Microsoft performed remarkably well in the last year. Since the start of 2014 it and Google are both up about a dollar a share, albeit Google trades for $1,118 and Microsoft is near $39.
So, Rocco Pendola, given a choice of making a dollar, I'll take Microsoft's return every time. After adding Microsoft's 28-cent February dividend, Microsoft's investors are ahead over $2 a share since the start of the year.
A quick comparison of the two respective charts says it all.
Microsoft's chart is trending higher, and Google's price action demonstrates weakness. Now I know Rocco Pendola's article refers to the companies' execution of their strategies, but I arrive at the opposite opinion and spelled out why in "Microsoft Fires Free Windows Phone at Google, but May Hit Apple" (AAPL).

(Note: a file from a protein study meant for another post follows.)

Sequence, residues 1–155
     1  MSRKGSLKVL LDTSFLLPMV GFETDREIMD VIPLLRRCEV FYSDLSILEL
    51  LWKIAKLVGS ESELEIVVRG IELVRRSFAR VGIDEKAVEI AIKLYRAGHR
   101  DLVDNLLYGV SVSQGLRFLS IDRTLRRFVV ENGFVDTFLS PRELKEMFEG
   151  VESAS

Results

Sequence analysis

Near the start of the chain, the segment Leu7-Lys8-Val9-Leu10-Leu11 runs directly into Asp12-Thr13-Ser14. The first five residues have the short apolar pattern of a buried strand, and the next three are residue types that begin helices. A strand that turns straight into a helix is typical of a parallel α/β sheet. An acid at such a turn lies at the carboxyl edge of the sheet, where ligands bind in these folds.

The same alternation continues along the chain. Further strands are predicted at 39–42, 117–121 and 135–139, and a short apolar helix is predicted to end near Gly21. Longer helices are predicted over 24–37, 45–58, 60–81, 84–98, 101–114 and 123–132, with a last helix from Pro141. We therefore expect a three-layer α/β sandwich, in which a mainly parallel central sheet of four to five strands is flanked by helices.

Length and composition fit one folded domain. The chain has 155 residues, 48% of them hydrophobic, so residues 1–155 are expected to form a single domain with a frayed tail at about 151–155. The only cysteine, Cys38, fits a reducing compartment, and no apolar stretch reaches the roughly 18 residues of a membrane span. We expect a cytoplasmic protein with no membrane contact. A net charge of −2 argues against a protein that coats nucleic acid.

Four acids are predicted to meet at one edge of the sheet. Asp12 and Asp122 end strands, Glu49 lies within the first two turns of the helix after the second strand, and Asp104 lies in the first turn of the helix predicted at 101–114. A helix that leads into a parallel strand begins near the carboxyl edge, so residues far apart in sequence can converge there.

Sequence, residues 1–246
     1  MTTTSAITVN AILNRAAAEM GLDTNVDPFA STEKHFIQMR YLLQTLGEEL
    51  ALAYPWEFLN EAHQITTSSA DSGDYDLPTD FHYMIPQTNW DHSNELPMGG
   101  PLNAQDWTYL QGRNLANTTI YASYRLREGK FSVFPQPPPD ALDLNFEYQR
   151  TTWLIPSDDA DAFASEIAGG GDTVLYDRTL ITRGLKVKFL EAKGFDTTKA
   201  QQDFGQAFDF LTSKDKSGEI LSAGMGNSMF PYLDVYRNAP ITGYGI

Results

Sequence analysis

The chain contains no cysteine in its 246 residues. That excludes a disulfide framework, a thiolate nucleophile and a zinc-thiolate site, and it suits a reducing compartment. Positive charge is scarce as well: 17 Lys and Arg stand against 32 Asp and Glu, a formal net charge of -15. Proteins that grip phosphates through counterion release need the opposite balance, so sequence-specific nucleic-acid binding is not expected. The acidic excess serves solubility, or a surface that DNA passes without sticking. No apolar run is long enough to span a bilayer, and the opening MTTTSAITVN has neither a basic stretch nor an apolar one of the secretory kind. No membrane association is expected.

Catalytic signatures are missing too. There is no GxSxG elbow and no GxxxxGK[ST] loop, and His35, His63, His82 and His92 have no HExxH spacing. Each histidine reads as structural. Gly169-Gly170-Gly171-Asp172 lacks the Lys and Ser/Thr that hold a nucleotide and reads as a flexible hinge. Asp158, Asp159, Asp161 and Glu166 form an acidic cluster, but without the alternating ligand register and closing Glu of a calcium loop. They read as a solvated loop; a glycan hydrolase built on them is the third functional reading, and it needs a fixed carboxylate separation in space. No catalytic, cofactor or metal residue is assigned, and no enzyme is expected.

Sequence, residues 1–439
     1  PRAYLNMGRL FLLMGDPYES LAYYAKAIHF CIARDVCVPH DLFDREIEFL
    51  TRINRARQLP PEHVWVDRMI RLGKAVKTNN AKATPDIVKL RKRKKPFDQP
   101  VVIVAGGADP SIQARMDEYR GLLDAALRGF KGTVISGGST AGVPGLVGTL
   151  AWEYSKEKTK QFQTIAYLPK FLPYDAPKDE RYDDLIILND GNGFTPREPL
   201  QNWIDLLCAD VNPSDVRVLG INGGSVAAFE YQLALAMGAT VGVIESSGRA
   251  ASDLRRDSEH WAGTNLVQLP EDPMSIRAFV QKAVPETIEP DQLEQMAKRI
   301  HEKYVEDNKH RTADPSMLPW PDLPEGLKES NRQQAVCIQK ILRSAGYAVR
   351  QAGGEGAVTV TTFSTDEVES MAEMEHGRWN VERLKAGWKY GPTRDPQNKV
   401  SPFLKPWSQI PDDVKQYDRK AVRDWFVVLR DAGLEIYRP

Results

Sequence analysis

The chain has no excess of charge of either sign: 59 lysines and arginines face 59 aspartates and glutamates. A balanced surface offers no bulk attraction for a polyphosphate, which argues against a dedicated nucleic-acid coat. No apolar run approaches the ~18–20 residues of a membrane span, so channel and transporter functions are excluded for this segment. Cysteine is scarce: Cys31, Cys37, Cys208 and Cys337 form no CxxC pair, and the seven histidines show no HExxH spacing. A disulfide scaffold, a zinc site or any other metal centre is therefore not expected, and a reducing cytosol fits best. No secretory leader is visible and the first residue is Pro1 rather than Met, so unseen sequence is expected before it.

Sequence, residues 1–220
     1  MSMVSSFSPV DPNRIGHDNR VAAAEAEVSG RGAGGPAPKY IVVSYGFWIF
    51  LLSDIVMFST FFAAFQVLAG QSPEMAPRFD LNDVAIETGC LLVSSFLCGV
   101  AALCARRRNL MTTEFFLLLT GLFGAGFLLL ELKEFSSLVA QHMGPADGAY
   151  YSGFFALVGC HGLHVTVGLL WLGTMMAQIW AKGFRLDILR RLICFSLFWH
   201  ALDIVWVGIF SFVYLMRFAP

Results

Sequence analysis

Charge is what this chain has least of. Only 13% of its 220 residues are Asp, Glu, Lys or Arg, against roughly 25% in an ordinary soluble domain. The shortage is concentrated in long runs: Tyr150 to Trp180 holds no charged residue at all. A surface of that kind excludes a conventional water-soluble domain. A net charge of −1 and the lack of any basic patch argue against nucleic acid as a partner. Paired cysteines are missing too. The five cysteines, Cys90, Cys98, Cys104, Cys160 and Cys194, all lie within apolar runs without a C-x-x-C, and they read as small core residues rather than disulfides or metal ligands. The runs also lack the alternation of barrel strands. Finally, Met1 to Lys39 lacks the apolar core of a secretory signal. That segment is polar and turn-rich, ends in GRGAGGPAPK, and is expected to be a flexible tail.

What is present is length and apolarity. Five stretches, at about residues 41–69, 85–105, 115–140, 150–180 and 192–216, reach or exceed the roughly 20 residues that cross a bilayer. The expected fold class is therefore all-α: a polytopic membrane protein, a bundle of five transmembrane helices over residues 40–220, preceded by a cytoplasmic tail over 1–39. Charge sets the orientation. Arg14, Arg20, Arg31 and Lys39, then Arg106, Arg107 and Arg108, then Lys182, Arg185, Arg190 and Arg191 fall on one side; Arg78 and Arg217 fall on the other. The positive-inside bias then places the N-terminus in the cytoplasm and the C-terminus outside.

There's no question Google efficiently and effectively shifted Microsoft's user base from high-priced operating systems and office programs. Gmail crushed Hotmail for years, but that was yesterday's news and today Microsoft is fighting back.
To recapture the mobile platform, Microsoft originally partnered with Nokia (NOK) to ensure at least one hardware manufacturer produced a Windows-based phone. Now there's a growing list of smartphone makers producing or about to produce Windows Mobile phones. Without the cost advantage of free software, I think Google may find an exodus of vendors supporting Android phones.